Three top federal officials visited Indiana in August: Environmental Protection Agency administrator Scott Pruitt, Housing and Urban Development Secretary Ben Carson, and Secretary of Agriculture Sonny Perdue.
The trips were tightly scripted and large parts were closed to the public.
While federal officials have visited Indiana in the past, there has been an uptick in visits since President Donald Trump took office.
“The reality is, we all expect elected officials to bring home the bacon,” says Andy Downs, a political science professor at Indiana University Purdue University Fort Wayne. “And one of the things that can happen when you have someone like vice president is you get high level, high ranking members of the administration to come to your state to talk about policy issues that are important to them.”
And officials did talk about important policy issues. Agriculture Secretary Sonny Perdue, who wrapped up a multi-state Midwest tour at the Indiana State Fair. Perdue met with state officials, including Gov. Eric Holcomb and U.S. Sen. Todd Young (R-Ind.), as well as Indiana Farm Bureau members to discuss the 2018 farm bill. That’s an $800 billion package of laws that sets the nation’s farming and food policies — everything from crop insurance to food stamps.
But the meeting was closed to the public — you needed an invitation to get in. And when reporters asked Perdue what happened during the meeting, he responded with an oft-heard talking point.
“I think, again, create a safety net where farmers can produce for the market and not produce for a program,” said Perdue.
U.S. senators from both parties, including Joe Donnelly (D-Ind.), Debbie Stabenow (D-Mich.), and agriculture committee chair Pat Roberts (R-Kan.), have held farm bill listening sessions this year, all open to the public.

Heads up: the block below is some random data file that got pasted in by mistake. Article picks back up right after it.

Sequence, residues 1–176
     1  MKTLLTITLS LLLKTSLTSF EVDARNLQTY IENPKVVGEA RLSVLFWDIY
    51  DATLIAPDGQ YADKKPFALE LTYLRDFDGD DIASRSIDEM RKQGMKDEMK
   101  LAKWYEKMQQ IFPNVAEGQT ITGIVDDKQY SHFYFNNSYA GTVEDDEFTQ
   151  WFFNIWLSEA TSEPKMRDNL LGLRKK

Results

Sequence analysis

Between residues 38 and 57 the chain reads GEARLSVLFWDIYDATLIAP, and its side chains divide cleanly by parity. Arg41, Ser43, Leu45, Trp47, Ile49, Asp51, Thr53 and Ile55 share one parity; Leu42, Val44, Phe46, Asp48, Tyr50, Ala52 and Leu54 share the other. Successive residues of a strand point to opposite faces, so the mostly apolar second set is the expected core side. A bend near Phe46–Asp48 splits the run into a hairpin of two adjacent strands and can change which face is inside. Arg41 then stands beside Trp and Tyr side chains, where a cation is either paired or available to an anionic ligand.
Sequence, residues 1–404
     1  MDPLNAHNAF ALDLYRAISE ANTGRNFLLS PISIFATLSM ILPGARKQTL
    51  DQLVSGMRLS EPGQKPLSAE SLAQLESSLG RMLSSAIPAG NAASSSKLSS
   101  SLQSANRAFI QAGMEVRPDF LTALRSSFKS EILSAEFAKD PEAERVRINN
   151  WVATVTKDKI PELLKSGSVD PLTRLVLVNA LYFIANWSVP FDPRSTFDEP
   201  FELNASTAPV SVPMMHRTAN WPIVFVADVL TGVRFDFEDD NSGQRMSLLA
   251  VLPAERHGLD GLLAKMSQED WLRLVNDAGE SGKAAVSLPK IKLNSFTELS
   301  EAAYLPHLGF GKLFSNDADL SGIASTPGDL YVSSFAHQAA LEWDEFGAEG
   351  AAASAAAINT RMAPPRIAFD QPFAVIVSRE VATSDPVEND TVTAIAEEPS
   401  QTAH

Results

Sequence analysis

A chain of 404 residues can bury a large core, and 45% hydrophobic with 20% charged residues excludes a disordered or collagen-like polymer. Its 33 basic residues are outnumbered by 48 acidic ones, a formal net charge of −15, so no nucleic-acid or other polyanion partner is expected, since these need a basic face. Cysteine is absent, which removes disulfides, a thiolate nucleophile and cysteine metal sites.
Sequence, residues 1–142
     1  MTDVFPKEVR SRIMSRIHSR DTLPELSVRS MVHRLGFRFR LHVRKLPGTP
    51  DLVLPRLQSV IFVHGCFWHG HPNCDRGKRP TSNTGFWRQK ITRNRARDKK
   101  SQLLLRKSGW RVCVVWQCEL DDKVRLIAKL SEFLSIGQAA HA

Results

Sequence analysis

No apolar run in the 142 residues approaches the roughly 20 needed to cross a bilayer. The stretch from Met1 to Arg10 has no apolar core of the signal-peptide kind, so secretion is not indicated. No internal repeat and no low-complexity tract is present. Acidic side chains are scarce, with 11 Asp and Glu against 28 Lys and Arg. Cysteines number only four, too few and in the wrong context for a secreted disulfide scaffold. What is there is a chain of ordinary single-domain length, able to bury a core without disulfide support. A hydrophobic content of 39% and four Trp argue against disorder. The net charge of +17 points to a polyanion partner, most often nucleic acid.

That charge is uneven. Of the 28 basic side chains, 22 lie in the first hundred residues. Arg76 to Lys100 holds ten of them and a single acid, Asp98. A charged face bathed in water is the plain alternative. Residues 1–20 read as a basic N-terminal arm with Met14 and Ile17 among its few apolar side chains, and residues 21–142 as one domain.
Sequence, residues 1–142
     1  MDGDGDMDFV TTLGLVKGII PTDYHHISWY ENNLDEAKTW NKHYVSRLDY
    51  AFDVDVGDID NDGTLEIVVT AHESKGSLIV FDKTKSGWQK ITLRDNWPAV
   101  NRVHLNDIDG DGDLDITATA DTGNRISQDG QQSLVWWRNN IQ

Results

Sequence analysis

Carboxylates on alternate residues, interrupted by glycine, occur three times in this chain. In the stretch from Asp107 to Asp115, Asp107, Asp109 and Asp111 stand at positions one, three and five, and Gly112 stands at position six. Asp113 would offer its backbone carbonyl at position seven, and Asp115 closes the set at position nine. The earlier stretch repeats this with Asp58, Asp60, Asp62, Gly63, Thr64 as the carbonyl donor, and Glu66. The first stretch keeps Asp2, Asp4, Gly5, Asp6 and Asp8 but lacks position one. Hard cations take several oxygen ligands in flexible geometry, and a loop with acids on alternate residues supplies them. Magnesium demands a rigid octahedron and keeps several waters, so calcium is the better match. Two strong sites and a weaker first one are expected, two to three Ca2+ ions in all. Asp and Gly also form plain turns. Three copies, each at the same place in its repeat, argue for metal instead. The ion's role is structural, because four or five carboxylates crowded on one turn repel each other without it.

HUD Secretary Ben Carson also held closed-door meetings when he visited Indiana to meet with state officials and former residents of a lead contaminated public housing complex in East Chicago. Like Perdue, Carson, alongside state and local officials, took questions from reporters after the meeting.
A HUD spokesman said the meetings weren’t open to the public or the media becase Carson had a “very limited amount of time to spend in East Chicago and Secretary Carson was genuinely interested in hearing from the residents of the West Calumet housing complex.”
Political science professor Andy Downs says that approach has become more common, and can make certain sense when officials are discussing very specific issues, like the one in East Chicago.
“Because now we’re seeing a number of people decide to get upset and exercised at public meetings, it makes having public meetings a little more dangerous or a little less controlled,” says Downs.
While Perdue and Carson held reporter Q&As during their visits to Indiana, the same cannot be said for EPA chief Scott Pruitt. During a visit to East Chicago in April, Pruitt ignored reporters after making a 90 second statement.
Pruitt visited Indiana again this August holding meetings closed to the public, although this time he didn’t make a public statement or even notify the press.
After asking the EPA a few questions, including what Pruitt did during his visit and why the meetings were closed to the public, EPA spokesman Jahan Wilcox said in an emailed statement that Pruitt toured a coal mine, met with state officials and a small group of farmers to discuss the proposed Clean Water Rule, and talked to a conservative talk show host in Indianapolis.
After being pressed about why the meetings were closed, Wilcox sent the same statement in response.
Holcomb participated in the Clean Water Rule meeting. What was the governor’s stance on closed meetings?
An emailed statement from his office said, in part, “Governor Holcomb is glad to participate in events with cabinet-level officials in Indiana so they have an opportunity to hear from Hoosiers and we can better understand the actions and policies that are being discussed in Washington.”
The statement also noted that it was Pruitt’s office — not Holcomb’s — that coordinated the meetings.
But some Hoosiers, such as Thomas Frank, say public policy discussions shouldn’t happen solely behind closed doors.
“We’re really kind of concerned, very concerned, about the privatization of those conversations,” says Frank, an environmental activist who lives in East Chicago’s lead-contaminated Superfund site.
Frank says that the health and welfare of his community, at least, would be better served if public officials spent more time with the public.